It is said that a thousand churches line the streets of Ayacucho. But the truth is that in the capital of the department of Ayacucho, there is practically a church on every street corner. There are 33 in all, built in Ayacucho during colonial times, each with their own history, their own art, their own personality.

The old city of San Juan de la Frontera of Ayacucho (Saint John of the Frontier of Ayacucho) was founded by Spanish Conqueror Francisco Pizarro in 1539. Featured with countless attractions for the tourist, is the ideal starting point to explore the rest of the department. Just 22 km (14 miles) north of the city, lies the Wari citadel, capital of the Wari civilization that flourished in the southern Andes from 500-1100 AD and once was home to a population of 50,000. Travelers can also visit the Inca ruins of Vilcashuaman and the scenic Lake Parinacochas, a haven for thousands of flamingos.

Easter week in Ayacucho is worth a separate mention, as it is possibly the most spectacular and emotive version of the Christian holiday in Peru. Daily processions, carpets of flower petals and ritual re-enactments are just some of the ways the Ayacucho townsfolk express their Christian devotion.Visitors can taste traditional fermented maize beverages such as chicha de Jora, Chicha de Molle or Chicha de Siete Semillas during the five days celebration. At the end of the festivities, visitors can buy some of the traditional retablos (small portable altars which represent scenes of everyday life in the Peruvian Andes), figures sculpted from the white Huamanga stone, or any of the different traditional arts and crafts made by Ayacucho artisans, to cap off an unforgettable week in the City of Churches.


To stroll through the city of Ayacucho, is to experience a profound reencounter with religious fervor on each corner. With 33 churches in the city, one for every year of Jesus Christ’s age, Ayacucho is one of the most interesting religious destinations in the Americas and lasting proof of the Christian faith so imbued in Peru’s people. Each one of these churches - the oldest was built in 1540-houses a relic a work of art and a legend. Visitors standing in the main square can admire the majestic Baroque and Renaissance architecture of the Ayacucho Cathedral, built from pink stone in its central section and towers crafted from gray stone blocks. The Cathedral dates back to 1612 and is held to be one of the most beautiful of its kind in Peru for its exquisite inner decoration in the Churriguerra style.
Other churches, like Santo Domingo, which dates from 1548, or San Francisco de Paula, built in 1713, show how the style and taste of its builders evolved: Romantic and Byzantine arches in Santo Domingo, Greco-Roman facades with haut-relief carvings in San Francisco de Asis and Baroque interiors in La Compania de Jesus. Each church in Ayacucho has its own personality.

At the same time, the 33 churches in Ayacucho house some of the fines works of art to be crafted by Ayacucho artisans: superb altarpieces, carved wood pulpits, heavily decorated altars and hundreds of oil painting from the various schools of painting that flourished there. A veritable invitation to experience Peru’s religious history.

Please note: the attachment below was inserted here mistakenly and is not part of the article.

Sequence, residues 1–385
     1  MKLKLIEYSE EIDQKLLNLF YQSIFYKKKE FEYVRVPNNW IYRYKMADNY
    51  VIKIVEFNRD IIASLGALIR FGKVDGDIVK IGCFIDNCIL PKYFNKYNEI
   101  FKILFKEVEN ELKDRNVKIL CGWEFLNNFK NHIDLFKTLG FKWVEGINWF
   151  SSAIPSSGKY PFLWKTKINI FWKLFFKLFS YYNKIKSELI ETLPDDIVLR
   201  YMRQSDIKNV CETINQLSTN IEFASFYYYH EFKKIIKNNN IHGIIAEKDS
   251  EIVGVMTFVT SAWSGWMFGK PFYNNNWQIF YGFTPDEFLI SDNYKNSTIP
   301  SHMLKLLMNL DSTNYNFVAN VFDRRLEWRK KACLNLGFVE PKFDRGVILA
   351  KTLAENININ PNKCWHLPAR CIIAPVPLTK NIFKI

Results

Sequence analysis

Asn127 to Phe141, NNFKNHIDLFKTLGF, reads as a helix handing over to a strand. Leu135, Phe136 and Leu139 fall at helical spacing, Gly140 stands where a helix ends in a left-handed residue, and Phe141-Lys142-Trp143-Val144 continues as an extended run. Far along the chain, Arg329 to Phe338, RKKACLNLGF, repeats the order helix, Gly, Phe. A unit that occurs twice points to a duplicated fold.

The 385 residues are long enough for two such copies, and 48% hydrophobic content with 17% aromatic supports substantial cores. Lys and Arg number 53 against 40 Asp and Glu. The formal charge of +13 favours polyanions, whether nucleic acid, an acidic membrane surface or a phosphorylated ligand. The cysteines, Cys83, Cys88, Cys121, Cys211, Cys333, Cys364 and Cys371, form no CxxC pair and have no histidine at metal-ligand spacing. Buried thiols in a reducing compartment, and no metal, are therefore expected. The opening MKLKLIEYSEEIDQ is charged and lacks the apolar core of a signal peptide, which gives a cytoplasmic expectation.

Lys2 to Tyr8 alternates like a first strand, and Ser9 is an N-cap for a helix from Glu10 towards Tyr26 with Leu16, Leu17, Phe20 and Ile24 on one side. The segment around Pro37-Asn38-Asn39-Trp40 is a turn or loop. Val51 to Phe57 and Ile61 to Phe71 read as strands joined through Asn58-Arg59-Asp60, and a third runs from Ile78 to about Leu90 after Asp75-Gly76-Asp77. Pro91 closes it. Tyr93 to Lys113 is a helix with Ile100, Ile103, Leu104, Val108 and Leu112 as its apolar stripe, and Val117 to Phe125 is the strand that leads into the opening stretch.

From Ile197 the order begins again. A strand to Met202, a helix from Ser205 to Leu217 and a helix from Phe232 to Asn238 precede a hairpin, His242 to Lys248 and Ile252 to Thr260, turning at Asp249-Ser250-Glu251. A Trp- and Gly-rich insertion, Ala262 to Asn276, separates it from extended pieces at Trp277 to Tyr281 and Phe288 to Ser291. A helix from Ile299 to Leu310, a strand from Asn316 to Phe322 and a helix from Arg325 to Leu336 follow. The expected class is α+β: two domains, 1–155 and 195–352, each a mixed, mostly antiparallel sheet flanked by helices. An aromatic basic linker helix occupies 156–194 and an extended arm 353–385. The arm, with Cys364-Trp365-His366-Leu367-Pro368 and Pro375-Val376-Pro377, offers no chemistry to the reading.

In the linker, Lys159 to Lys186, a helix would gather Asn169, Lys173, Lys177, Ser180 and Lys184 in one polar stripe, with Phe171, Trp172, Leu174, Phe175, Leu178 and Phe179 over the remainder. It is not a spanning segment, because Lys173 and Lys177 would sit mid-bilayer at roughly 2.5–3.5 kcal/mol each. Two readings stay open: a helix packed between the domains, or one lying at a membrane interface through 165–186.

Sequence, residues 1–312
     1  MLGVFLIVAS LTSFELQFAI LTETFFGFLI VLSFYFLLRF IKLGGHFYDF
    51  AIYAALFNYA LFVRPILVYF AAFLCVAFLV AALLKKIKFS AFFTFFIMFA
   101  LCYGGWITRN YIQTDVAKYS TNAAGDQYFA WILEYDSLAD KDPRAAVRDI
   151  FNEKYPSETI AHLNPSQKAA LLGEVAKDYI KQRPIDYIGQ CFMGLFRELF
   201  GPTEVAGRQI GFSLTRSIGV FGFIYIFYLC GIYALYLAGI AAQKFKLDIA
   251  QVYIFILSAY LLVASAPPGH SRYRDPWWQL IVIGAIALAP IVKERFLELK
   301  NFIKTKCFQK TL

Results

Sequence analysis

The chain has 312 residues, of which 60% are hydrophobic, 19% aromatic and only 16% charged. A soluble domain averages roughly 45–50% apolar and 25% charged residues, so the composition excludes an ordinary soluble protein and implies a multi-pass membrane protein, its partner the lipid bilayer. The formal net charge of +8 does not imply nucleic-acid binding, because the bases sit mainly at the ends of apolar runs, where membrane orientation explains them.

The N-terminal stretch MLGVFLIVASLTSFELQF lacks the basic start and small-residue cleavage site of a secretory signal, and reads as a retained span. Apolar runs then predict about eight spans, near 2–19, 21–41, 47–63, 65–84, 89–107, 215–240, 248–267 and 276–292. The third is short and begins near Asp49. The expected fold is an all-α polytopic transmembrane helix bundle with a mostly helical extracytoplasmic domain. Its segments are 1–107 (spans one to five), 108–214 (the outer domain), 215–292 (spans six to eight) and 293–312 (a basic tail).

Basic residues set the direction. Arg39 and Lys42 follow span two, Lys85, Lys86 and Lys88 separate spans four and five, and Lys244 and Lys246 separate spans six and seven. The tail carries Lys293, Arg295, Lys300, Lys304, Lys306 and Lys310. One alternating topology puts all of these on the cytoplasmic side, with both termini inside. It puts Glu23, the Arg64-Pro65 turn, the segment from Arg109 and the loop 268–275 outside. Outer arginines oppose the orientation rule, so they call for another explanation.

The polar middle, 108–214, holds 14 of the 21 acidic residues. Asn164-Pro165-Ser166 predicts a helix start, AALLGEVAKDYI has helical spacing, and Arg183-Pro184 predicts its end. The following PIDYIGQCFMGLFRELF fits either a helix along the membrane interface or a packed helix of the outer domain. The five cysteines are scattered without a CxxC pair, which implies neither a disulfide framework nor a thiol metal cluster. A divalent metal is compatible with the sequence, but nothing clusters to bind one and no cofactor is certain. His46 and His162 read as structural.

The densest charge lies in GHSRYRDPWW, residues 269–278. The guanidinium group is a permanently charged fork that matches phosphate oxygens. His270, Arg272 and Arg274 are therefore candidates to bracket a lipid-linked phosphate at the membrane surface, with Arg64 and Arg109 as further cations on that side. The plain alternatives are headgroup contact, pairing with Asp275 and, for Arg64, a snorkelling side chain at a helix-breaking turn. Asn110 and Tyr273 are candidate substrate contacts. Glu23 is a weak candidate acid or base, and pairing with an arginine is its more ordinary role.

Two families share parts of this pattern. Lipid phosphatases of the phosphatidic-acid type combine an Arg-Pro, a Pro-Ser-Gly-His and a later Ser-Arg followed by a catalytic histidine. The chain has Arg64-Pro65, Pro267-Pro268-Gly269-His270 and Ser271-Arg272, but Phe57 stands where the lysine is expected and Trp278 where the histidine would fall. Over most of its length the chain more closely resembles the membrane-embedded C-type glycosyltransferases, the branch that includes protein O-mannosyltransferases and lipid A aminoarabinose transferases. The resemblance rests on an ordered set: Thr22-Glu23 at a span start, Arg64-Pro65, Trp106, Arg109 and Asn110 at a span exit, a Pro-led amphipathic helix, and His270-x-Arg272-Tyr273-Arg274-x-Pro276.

In 1550, Spanish chronicler Pedro Cieza de León wrote of the discovery of a vast set of buildings, some 25 km (15 miles) from the city of Huamanga. The architectural style differed systematically from Inca constructions.This was Wari, capital of the first pan Andean State, dating back well before the Incas, whose culture flourished in the area from 550-800 AD.

Wari is a classic example of pre-Hispanic urban planning and engineering techniques. The urban nucleus sprawls across some 400 ha and is thought to have housed 40,000 inhabitants at its peak. It is located in a strategic position due to its rapid access to the central coast and jungle, and lies halfway between the northern and southern highlands, where the Wari people built administrative centers and colonies.

A visit to Wari will take in the sector of Cheqowasi, a set of burial chambers that run down several levels. Possibly the graves of rulers and nobles, these chambers used rectangular, circular and quadrangular slabs of stone. Another sector, Moradochayoq, shows evidence of contact with the Tiawanaku, a culture that existed in the same era some 1,500 km (930 miles) away in the Lake Titicaca watershed.

A third sector is that of Capillapata, which is made up of trapezoid-shaped and rectangular constructions up to 400 meters (1312 feet) long and featuring stone ramparts that stand over 10 meters (32 feet) tall. The Ushoaqoto sector meanwhile, has unearthed carved human figures, pointing to the existence of workshops and deposits.


• Patachi. Soup with wheat, peas, cabbage, broad beans, bacon, fresh and salt-dried meat and mint.
• Qapchi. Potato and fresh cheese salad.
• Puka picante. Pork fritters in peanut sauce.
• Caldo de mondongo. Tripe soup with beef , bacon and mint.

Need a Help for Peru Visa?
We also provide Visa
Services to Peru